The Internet Theater Magazine of Reviews, Features, Annotated Listings
A CurtainUp Review
The Father

So, if I understand correctly, you're leaving me. Is that it? You're abandoning me...What's going to become of me?
— André to his harried daughter Anne.
The Father
Frank Langella and Kathryn Erbe (Photo: Joan Marcus)
Everybody misplaces things now and then. However, given the scary statistics about Altzheimer's, eyeglasses or a watch mysteriously gone missing are likely to send shivers up the spines of Manhattan Theatre Club's (MTC) many older subscribers. A regularly "missing" wristwatch certainly indicates more than a "senior moment" for André the title character of Florian Zeller's The Father.

Though at seventy-eight Frank Langella is well past social security eligibility, he has no problem remembering the lines the French playwright has written for him, and Christopher Hampton has expertly translated. Tall and imposing as ever, Langella hasn't lost a smidgen of the charisma, ear-pleasing line delivery and ability to get inside a character that account for his standing as one of the contemporary theater's most riveting actors.

And so, bottom line for impatient readers: If you appreciate what a masterful actor can do with a difficult part, you won't want to miss The Father because Langella is on stage for most of its 90 minutes. Is Zeller's play as unmissable? Not quite so much.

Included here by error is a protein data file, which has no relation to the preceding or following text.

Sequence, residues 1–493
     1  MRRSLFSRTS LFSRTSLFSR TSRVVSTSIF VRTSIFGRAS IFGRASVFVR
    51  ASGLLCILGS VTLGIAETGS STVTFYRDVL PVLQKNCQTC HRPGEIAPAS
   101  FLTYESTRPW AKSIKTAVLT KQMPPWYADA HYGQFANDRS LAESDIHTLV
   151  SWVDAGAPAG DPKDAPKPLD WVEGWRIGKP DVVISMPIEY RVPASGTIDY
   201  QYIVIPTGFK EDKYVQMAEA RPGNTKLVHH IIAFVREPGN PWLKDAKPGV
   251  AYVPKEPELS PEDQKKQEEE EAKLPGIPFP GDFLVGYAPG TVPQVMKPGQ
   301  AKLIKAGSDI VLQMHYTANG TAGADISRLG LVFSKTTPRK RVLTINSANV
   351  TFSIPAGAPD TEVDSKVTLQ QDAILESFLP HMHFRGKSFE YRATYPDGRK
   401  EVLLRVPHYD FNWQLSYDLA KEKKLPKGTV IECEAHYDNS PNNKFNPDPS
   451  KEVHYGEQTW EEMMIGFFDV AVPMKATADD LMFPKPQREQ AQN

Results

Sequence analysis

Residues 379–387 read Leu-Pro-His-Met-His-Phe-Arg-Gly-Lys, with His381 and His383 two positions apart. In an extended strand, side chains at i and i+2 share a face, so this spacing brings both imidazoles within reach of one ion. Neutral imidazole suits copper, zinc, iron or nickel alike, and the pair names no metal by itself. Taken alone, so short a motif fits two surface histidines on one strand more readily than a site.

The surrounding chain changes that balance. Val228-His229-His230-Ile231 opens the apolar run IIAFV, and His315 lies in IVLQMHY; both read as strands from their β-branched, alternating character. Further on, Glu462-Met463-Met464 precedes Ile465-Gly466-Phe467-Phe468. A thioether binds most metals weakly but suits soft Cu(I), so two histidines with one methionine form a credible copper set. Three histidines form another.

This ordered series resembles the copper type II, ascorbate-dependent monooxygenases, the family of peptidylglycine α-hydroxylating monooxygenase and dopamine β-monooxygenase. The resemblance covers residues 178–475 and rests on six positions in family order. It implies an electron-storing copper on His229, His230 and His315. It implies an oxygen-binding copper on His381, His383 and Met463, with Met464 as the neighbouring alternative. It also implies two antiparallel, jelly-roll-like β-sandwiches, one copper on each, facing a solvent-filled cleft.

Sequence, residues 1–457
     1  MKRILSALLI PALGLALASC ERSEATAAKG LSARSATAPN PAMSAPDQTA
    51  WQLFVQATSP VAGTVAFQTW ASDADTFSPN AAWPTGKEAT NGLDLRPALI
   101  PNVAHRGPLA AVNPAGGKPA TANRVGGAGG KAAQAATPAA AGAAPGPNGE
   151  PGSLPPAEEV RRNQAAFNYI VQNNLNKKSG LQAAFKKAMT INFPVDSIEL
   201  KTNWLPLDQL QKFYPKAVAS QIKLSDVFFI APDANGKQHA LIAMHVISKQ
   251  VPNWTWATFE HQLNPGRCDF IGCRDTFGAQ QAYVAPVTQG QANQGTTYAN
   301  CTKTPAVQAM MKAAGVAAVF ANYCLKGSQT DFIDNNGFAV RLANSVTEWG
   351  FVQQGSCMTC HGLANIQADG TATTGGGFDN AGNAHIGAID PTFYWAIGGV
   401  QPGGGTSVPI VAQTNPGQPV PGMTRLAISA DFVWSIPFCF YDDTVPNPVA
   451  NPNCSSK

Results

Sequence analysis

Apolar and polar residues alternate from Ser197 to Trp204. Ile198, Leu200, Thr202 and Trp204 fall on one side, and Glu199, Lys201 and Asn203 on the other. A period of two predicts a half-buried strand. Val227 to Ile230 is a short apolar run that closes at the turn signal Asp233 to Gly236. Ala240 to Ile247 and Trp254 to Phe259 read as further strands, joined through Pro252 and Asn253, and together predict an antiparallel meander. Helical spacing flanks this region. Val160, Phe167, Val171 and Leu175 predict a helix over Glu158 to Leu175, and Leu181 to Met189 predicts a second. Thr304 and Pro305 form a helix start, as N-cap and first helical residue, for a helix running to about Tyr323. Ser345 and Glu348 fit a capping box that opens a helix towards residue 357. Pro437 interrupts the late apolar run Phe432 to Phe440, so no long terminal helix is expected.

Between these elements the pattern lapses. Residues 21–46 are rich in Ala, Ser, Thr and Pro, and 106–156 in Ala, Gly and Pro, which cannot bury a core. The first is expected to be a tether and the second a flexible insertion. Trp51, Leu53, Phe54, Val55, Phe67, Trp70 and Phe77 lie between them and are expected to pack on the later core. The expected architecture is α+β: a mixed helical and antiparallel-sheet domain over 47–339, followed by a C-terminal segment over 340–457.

Writers of film and stage plays have already activated the topicality of dramas about dealing with encroaching dementia in ourselves or a loved one. Hollywood did On Golden Pond in 1981, Iris in 2002 Still Alice and The Notebook in 2014. Broadway and Off-Broadway tackled the subject with a stage adaptation of On Golden Pond, and more recently with The Other Place , Dot and The Humans .

In fairness to Mr. Zeller, he's taken a clever and dramatically potent approach with The Father. Instead of telling his story from the outside in, he has taken us inside André's mind. This makes for a "hold onto your seat belts" descent into the scary inner landscape of a man desperate to hold onto his fading memory. While this is basically about a tragic situation facing more and more people, the playwright has managed to imbue the story with the aura of a psychological thriller that has us as disoriented as André about what's happening and who's who.